WHEREAS, all-terrain vehicles (ATVs) are very popular in the U.S. and are commonly used for recreation; and

     WHEREAS, ATVs can weigh up to 800 pounds and travel at highway speeds; and

     WHEREAS, the number of injuries associated with ATVs has increased over the past several years;1 and

     WHEREAS, a study of ATV traumatic brain and spinal cord injuries in Oklahoma from 1992-2002 found that the average number of injuries per year tripled over the 11-year period;2 and

     WHEREAS, before 1998, there was an average of 23 injuries per year and from 2002-2003, there was an average of 69 cases per year;2 and

    WHEREAS, an Oklahoma regional trauma center found that 27 percent of ATV injuries were among passengers;3 and

     WEREAS, each year approximately 15 Oklahomans die as a result of an ATV crash;4 and

     WHEREAS, Oklahoma law requires children younger than 18 years of age to wear a helmet while riding an ATV on public land and prohibits carrying a passenger on an ATV unless the ATV was designed to do so;5 and

     WHEREAS, an ATV requires skill, strength and judgment to control; and

     WHEREAS, 19 states, including Texas and New Mexico, have a law requiring that ATV operators complete a safety education course;6 and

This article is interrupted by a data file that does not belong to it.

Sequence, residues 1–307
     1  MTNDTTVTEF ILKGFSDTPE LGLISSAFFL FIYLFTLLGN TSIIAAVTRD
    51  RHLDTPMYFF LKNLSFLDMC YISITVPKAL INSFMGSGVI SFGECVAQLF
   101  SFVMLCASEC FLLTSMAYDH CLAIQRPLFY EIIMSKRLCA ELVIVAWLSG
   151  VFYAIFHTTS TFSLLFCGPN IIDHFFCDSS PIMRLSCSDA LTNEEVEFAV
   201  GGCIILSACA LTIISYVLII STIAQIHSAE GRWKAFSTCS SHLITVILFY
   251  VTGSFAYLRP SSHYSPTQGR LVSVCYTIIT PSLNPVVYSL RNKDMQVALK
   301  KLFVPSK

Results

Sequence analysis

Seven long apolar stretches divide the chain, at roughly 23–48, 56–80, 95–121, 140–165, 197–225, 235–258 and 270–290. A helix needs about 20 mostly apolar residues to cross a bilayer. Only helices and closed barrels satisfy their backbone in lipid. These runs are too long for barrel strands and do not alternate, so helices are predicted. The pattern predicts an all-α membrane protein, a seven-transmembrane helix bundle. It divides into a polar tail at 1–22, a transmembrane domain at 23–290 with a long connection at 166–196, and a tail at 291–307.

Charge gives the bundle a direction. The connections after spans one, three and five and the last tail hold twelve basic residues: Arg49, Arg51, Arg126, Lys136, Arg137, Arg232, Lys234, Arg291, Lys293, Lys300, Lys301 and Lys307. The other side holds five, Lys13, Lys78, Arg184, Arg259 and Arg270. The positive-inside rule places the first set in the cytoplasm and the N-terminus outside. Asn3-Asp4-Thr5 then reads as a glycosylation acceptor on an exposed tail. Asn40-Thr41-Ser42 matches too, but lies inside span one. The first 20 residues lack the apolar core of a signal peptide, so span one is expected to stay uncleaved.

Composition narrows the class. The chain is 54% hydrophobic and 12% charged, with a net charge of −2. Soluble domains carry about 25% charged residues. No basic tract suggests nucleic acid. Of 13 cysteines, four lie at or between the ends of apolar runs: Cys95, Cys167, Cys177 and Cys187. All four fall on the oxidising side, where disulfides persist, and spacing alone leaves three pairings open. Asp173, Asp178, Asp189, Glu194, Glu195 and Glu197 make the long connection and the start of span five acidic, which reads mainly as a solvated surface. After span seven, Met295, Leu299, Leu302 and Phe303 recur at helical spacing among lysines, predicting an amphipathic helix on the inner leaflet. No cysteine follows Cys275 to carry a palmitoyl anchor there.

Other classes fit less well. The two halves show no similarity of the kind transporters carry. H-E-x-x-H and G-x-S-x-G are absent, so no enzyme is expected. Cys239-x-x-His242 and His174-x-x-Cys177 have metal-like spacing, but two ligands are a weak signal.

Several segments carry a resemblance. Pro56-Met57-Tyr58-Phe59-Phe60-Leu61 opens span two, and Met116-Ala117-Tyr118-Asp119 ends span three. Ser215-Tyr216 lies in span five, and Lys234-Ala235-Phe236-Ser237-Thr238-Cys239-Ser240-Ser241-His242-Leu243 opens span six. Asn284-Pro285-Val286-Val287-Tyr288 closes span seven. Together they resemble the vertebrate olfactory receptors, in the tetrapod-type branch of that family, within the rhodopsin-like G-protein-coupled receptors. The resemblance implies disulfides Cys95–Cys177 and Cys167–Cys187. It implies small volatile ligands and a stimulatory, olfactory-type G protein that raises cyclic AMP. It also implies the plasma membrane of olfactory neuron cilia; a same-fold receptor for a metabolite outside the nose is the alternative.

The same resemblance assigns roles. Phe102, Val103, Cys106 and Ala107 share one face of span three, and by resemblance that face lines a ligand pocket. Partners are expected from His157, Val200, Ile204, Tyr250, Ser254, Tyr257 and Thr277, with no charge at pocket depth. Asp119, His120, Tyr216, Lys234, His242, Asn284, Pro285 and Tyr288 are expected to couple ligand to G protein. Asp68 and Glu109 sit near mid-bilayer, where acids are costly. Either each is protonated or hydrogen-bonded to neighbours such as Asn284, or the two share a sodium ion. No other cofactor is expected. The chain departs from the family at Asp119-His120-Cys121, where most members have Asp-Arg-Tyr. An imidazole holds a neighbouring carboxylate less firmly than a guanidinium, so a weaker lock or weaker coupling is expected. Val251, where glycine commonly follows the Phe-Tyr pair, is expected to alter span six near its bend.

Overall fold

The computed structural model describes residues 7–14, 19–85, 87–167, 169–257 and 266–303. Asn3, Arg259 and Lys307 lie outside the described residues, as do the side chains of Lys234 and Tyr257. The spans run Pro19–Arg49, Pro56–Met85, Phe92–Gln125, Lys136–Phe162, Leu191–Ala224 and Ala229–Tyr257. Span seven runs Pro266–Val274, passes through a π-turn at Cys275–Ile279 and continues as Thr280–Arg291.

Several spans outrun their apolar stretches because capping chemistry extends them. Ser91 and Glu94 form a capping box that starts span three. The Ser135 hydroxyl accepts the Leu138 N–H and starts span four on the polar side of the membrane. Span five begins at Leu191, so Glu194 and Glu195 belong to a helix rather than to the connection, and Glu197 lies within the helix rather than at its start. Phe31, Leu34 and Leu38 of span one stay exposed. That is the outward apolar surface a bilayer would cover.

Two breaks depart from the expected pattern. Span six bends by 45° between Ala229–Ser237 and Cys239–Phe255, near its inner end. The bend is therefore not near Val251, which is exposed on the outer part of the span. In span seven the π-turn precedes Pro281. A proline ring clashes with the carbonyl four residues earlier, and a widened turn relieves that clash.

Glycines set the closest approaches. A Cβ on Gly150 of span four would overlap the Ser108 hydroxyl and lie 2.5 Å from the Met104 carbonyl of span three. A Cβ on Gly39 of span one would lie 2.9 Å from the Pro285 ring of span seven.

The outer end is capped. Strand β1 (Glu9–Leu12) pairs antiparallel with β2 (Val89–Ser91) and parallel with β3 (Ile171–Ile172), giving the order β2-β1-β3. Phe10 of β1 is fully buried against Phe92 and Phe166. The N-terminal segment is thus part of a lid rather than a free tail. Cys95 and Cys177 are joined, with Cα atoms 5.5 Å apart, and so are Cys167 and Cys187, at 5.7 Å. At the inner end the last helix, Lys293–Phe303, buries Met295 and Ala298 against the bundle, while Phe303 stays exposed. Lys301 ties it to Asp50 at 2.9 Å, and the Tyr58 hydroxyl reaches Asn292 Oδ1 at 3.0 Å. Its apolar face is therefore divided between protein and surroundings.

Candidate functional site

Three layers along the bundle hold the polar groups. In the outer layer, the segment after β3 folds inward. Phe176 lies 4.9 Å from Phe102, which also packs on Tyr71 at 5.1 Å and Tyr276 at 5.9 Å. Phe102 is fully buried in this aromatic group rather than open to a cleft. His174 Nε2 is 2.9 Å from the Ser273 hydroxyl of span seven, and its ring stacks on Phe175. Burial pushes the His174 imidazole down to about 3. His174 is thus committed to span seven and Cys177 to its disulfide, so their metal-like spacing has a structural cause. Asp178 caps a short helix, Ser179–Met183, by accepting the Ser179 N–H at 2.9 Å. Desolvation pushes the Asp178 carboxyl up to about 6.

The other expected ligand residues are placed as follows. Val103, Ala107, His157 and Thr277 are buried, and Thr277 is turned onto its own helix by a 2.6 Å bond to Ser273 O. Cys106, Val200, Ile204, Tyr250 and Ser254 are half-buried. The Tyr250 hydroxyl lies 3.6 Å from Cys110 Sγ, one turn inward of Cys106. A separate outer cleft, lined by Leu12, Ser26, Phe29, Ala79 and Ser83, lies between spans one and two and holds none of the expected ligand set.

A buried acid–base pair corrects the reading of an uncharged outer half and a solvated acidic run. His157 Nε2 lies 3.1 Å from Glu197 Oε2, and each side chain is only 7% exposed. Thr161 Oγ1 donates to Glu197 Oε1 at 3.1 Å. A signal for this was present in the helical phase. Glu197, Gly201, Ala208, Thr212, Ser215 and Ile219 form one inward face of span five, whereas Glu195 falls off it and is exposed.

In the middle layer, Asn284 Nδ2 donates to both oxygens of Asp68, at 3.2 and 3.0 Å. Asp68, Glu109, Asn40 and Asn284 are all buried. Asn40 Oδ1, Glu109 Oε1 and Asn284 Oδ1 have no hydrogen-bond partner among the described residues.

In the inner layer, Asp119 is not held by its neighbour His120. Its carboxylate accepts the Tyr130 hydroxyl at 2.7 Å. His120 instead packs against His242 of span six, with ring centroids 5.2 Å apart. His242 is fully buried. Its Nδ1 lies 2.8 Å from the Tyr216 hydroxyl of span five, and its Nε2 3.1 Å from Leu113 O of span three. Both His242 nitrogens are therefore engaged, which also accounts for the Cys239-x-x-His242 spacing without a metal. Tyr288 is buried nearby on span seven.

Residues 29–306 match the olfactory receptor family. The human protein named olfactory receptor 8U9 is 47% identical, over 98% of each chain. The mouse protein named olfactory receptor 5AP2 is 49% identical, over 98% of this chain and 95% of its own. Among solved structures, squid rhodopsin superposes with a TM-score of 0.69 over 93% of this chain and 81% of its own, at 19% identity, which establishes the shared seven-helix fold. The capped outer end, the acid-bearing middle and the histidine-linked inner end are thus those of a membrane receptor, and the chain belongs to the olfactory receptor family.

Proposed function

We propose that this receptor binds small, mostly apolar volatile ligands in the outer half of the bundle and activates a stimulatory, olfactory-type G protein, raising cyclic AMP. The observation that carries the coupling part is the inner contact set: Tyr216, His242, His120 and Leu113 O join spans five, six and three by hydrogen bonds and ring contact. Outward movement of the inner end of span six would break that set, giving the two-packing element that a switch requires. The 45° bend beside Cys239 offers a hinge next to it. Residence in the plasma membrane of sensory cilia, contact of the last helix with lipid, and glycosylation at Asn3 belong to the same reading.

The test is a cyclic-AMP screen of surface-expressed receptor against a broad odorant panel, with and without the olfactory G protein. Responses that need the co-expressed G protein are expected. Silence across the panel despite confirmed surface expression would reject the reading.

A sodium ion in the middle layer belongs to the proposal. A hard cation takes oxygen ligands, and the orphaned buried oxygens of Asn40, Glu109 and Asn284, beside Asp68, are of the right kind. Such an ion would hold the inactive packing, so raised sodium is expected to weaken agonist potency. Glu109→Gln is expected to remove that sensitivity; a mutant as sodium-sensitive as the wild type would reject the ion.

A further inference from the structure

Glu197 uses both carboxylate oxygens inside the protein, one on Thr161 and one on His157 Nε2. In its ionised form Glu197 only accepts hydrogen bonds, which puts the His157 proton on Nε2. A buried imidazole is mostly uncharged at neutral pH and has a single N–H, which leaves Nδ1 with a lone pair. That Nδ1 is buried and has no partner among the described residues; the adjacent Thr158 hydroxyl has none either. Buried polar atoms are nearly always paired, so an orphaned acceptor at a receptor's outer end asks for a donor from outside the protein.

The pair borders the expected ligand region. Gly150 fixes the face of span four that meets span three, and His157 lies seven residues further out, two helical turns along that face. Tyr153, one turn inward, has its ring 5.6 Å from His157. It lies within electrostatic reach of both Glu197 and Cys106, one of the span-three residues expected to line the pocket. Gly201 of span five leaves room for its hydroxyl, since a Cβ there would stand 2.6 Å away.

WHEREAS, the Oklahoma State Department of Health and other medical professionals would like for children to be required to complete a safety training course
before operating ATVs; 

NOW THEREFORE BE IT RESOLVED: The Oklahoma Public Health Association encourages the 2008 Oklahoma Legislature and organizations with the ability to stimulate change related to injury prevention through policy, advocacy and education
to consider legislation/policies aimed at requiring completion of a safety training education class for children less than 16 years of age who operate ATVs. 

References:

1. U.S. Consumer Product Safety Commission, 2005 Annual Report of ATV Deaths and Injuries/Amended. Washington, DC, February 2007.

2. Brandenburg MA, Archer P, Mallonee S.  All-terrain vehicle-related central nervous system injuries in Oklahoma.  J Okla State Med Assoc 2005, 98, 194-199.

3. Brandenburg MA, Brown SJ, Archer P, Brandt EN. All-terrain vehicle crash factors and associated injuries in patients presenting to a regional trauma center.  J Trauma 2007, 63(5), 994-999. 

4. Office of the Chief Medical Examiner. Oklahoma City, Oklahoma.

5. Oklahoma Statutes Title 47, Chapter 11, Section 11-1117.

6. Specialty Vehicle Institute of America. State All-Terrain Vehicle Requirements, August 2007. Available at http://www.atvsafety.org/InfoSheets/SummaryChartAugust2007.pdf.  Accessed on December 13, 2007.

See Also:

'Promoting public health improvements through education, practice, and advocacy'

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121 NE 52nd Street, Ste. 260
Oklahoma City, OK 73105
405-605-2099
opha@opha.net